She also began learning about her rights through the child sponsorship programme and set goals for the future. “My future was not all early marriage nor experiencing violence, as happened in many cases around me,” she says. “Rather, studying and having a career was my dream.”
Artjola also discovered that by using her voice, she could lead real change in her community. One day, when she was a teenager, a girl she had known since kindergarten confided in her that she was about to be married, but it was arranged and she didn’t want it. Artjola encouraged the girl to speak up to her parents, so she did, and they listened and postponed the marriage for two more years until she was at least a legal adult.
Artjola is now 22 and taking what she learned as a sponsored child and continuing to advocate for change as an intern with World Vision. She says girls need to break the invisible barriers without violence but always with kindness and strength.
“For the rest of my life, I will take with me all that I have learned here; to raise my voice against injustice.”
And today, Artjola has changed her childhood cry. “I am happy to be a girl. We girls can do better things and create new opportunities for ourselves.”
4. Dafroza in Tanzania: Breaking the bond of gender stereotypes
It’s not common to see a girl cutting hair in a barbershop, but 15-year-old Dafroza is changing the norm in her community in Tanzania by doing just that.
Dafroza was just a small child when she was forced to drop out of school due to health problems. But just because her formal education stopped, it didn’t extinguish her desire to learn and dream for her future.
“Whenever I went to cut my hair, I admired the barbers,” she says. “I observed them; how [they used the] shaving machine. I wanted to be just like that.”
Through World Vision child sponsorship, Dafroza built the confidence to chase her dreams. She began practising, by cutting her brothers’ hair using her father’s shaver. Word spread that their sister was doing their hair, and soon women in the community began bringing their boys to her for haircuts. But she wanted to learn more, so she begged her dad to take her to the local barbershop and let her learn. At first, he thought she meant the women’s salon, but when she corrected him, he was even more hesitant.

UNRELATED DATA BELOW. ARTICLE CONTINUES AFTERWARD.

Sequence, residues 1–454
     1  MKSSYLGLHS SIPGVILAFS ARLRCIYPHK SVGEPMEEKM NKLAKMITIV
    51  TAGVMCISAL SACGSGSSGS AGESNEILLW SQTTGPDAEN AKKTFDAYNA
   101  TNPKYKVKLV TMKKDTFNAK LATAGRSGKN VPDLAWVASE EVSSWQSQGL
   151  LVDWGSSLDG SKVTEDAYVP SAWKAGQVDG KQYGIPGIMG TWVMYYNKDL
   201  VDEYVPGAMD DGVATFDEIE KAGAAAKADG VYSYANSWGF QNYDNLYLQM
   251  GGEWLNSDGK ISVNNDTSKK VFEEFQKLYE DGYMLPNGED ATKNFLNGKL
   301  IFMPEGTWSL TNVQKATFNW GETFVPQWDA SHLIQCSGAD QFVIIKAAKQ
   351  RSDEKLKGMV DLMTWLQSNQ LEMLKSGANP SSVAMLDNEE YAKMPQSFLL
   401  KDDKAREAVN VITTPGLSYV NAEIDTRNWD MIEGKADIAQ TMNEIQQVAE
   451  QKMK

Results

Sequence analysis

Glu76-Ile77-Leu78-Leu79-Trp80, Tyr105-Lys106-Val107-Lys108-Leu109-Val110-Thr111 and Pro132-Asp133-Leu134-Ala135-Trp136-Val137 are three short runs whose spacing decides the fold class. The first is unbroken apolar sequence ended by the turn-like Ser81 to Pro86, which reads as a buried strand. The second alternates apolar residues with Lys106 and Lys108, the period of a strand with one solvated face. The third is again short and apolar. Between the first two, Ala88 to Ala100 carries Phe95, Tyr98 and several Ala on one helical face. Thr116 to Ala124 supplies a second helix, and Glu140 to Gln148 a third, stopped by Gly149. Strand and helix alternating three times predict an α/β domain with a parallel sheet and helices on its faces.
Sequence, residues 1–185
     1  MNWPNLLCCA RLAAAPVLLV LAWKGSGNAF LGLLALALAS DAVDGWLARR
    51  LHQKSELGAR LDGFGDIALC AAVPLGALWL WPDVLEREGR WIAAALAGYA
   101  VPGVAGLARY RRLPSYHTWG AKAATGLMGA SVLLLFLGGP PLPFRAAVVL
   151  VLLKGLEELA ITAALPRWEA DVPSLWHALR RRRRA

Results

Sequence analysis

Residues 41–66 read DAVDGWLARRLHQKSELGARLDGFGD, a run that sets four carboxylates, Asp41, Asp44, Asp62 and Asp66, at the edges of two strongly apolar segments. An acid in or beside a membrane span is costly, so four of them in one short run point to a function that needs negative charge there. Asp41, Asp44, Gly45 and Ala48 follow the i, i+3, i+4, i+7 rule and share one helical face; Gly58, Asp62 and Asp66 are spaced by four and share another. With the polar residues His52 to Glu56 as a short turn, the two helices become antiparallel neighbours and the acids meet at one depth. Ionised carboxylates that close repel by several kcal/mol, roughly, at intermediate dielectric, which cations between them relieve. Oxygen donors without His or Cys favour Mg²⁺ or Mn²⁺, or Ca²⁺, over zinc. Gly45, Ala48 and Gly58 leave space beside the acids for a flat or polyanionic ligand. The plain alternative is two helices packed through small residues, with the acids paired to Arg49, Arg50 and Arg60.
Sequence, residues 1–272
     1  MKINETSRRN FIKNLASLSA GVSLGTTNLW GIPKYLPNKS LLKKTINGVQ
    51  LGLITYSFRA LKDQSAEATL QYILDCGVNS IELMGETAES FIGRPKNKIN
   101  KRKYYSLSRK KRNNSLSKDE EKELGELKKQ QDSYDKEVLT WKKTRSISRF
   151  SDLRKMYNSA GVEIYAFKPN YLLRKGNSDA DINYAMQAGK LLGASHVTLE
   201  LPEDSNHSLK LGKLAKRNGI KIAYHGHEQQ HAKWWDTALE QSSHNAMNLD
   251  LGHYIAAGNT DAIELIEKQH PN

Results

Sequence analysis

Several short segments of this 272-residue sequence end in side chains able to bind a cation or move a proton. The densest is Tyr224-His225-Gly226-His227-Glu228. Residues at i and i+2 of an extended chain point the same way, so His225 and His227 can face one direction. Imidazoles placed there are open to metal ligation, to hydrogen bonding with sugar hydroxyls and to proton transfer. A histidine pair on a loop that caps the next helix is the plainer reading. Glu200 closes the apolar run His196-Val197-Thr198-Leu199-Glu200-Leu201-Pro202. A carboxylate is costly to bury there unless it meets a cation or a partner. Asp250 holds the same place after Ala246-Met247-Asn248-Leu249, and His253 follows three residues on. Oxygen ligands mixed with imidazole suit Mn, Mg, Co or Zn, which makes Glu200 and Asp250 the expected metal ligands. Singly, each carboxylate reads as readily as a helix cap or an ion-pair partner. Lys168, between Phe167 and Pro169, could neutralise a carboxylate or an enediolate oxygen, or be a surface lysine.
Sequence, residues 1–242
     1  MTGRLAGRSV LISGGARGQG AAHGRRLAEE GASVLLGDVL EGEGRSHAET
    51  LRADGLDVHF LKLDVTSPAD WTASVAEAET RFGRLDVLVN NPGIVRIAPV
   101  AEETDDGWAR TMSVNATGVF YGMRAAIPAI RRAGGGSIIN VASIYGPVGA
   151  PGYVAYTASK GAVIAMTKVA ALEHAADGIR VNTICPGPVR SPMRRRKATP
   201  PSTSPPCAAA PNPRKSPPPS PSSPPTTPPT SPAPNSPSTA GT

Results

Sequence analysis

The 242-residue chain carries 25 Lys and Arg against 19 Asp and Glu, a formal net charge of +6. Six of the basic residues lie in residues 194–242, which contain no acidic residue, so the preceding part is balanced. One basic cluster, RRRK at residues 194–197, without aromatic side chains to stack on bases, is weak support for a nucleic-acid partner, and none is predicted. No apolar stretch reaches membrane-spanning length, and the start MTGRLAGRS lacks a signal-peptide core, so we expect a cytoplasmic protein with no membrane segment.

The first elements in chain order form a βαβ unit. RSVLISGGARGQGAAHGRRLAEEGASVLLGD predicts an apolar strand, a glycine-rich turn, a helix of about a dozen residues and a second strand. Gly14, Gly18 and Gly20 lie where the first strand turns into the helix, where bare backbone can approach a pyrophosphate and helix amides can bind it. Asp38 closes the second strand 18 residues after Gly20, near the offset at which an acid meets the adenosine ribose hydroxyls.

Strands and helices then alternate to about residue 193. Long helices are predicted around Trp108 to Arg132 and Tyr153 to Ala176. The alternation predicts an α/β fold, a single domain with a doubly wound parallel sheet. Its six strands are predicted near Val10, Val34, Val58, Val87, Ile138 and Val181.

“I was shocked when I heard that she wanted to be a barber girl,” Eliakimu says. “I wondered where did she [get] this idea of working around boys.”
Eventually, he spoke with the local barbershop owner to see if he would teach his daughter for six months — and he agreed. Today, Dafroza is a trained barber. She loves it, but that doesn’t mean it’s easy.
“As a girl, one of the challenges of this work is disturbance from men,” Dafroza says. “They want to take advantage of me. Sometimes women were not happy to see me shave their husband. Some men were not comfortable for me to shave them, but gradually they are accepting [it].”
But she is not deterred, and one day she hopes to have her own shop. Dafroza’s father is proud of all she’s achieved.
“That’s what she believed in,” he says.
5. Michaela in the Philippines: Breaking the bond of online sexual exploitation
Like most young people, Michaela has grown up in the Philippines using the internet on a regular basis. In her country, while online learning has become a norm during the pandemic, online sexual exploitation of children has been on the rise. But Michaela won’t be a victim.
As a sponsored child, she has learned how to protect herself online, and she’s doing everything she can to help protect other kids too. She says a lot of children don’t understand how powerful the internet can be.
“They think that everything online is okay,” she says, “This is not good. Sexual exploitation can start when young people are naïve.”
Michaela makes posters and holds group discussions under a tree in her community, and she invites other children to come learn how to stay safe online.
“My sister is my inspiration and role model,” she says.
As she looks toward the future, Michaela hopes to become a teacher—which should come naturally since she’s already well practiced!
Thousands of girls just like these five are waiting to break down the barriers standing in their way. Sponsor a girl by October 11, International Day of the Girl and join the movement for change.